When I was younger I read Memoirs of a Geisha by Arthur Golden, and was captivated by the beautiful writing and depictions of the world of the geishas in Kyoto. It remains one of my favourite novels, and seeing a real live geisha would be a highlight of my visit to Japan. Kyoto was firmly pencilled onto the itinerary as my must-visit place.
Second to Tokyo, Kyoto is one of Japan’s most beloved travel destinations and is popular with foreign and domestic visitors alike. Kyoto was the Japanese capital until 1868, when it moved to Tokyo and even today it remains Japan’s centre of culture with scores of shrines, temples and palaces. Kyoto was spared the intense WW2 bombing that flattened many other Japanese cities, and now offers visitors a blend of metropolitan modernity and traditional heritage where skyscrapers meet with historic wooden houses and, most importantly of all, geishas.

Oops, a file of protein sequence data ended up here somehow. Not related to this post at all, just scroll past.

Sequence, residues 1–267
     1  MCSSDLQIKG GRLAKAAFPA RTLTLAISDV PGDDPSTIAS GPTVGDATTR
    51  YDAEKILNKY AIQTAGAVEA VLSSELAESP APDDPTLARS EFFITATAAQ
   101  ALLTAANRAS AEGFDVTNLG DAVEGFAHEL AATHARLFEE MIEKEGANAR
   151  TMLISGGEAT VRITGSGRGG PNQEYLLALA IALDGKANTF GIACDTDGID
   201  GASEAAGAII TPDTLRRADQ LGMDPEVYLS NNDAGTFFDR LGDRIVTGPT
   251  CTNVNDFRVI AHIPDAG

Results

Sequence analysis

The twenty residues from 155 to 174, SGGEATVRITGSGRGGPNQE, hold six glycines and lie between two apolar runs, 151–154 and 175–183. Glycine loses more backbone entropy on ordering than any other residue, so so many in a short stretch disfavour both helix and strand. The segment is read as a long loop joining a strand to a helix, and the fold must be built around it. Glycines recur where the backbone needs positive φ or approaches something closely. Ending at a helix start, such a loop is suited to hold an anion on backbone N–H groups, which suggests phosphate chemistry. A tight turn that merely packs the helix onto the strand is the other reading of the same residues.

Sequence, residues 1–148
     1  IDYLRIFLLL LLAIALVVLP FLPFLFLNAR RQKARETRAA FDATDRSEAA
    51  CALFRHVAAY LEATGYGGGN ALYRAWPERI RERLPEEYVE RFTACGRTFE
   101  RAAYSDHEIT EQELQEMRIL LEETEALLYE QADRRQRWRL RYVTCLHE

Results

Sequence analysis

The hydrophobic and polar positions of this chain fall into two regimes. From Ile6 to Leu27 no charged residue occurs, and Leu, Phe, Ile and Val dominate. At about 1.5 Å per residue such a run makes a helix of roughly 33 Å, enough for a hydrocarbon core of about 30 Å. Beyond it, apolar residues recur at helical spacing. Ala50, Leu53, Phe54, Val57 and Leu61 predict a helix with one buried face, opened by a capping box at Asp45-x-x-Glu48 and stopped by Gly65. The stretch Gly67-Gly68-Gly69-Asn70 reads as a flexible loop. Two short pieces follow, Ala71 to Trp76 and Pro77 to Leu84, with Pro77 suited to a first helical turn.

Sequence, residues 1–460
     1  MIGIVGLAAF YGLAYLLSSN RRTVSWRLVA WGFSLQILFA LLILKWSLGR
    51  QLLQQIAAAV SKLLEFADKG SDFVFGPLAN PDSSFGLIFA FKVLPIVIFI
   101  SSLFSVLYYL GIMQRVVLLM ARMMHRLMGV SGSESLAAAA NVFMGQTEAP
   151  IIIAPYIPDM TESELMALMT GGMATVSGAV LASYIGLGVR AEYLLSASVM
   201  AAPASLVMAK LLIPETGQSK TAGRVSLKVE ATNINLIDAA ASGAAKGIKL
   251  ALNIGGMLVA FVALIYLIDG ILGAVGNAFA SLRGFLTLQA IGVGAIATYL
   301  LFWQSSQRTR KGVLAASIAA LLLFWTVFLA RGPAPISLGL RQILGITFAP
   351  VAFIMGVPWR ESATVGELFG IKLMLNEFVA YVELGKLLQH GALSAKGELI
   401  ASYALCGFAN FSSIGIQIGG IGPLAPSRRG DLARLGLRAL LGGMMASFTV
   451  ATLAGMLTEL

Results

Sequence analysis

One of the main draws in Kyoto in springtime is sakura – the cherry blossoms. As much of Kyoto is conserved to protect the heritage buildings, there is a chronic hotel shortage during peak periods such as sakura. When I was planning our visit – four weeks ahead of our trip – there was not a single room to be found in the whole of the city at any price. I felt like Mary and Joseph from the nativity, except we’d be arriving on a Shinkansen rather than a donkey and I have the good fortune not to be heavily pregnant. An alternative was needed, so we opted to stay in Nagoya and commute in to Kyoto.
Our first day in Kyoto was spent exploring the Higashiyama district which is famous for its temples. Craig, who had vowed not to set foot in another temple after Burma, did not take this news well. Nevertheless, we started with the photogenic Kiyomizu-Dera temple – a huge complex that was also surprisingly picturesque, despite the large numbers of visitors.
The temple is popular with tourists but also with Buddhist worshippers who come to douse themselves in the holy water.
If you are inclined to souvenir shop, the streets surrounding Kiyomizu-Dera are the best place to pick up (relatively) cheap trinkets for the folks at home. It will be to my eternal regret that we didn’t buy our god-daughters little Japanese kimonos when we meandered through.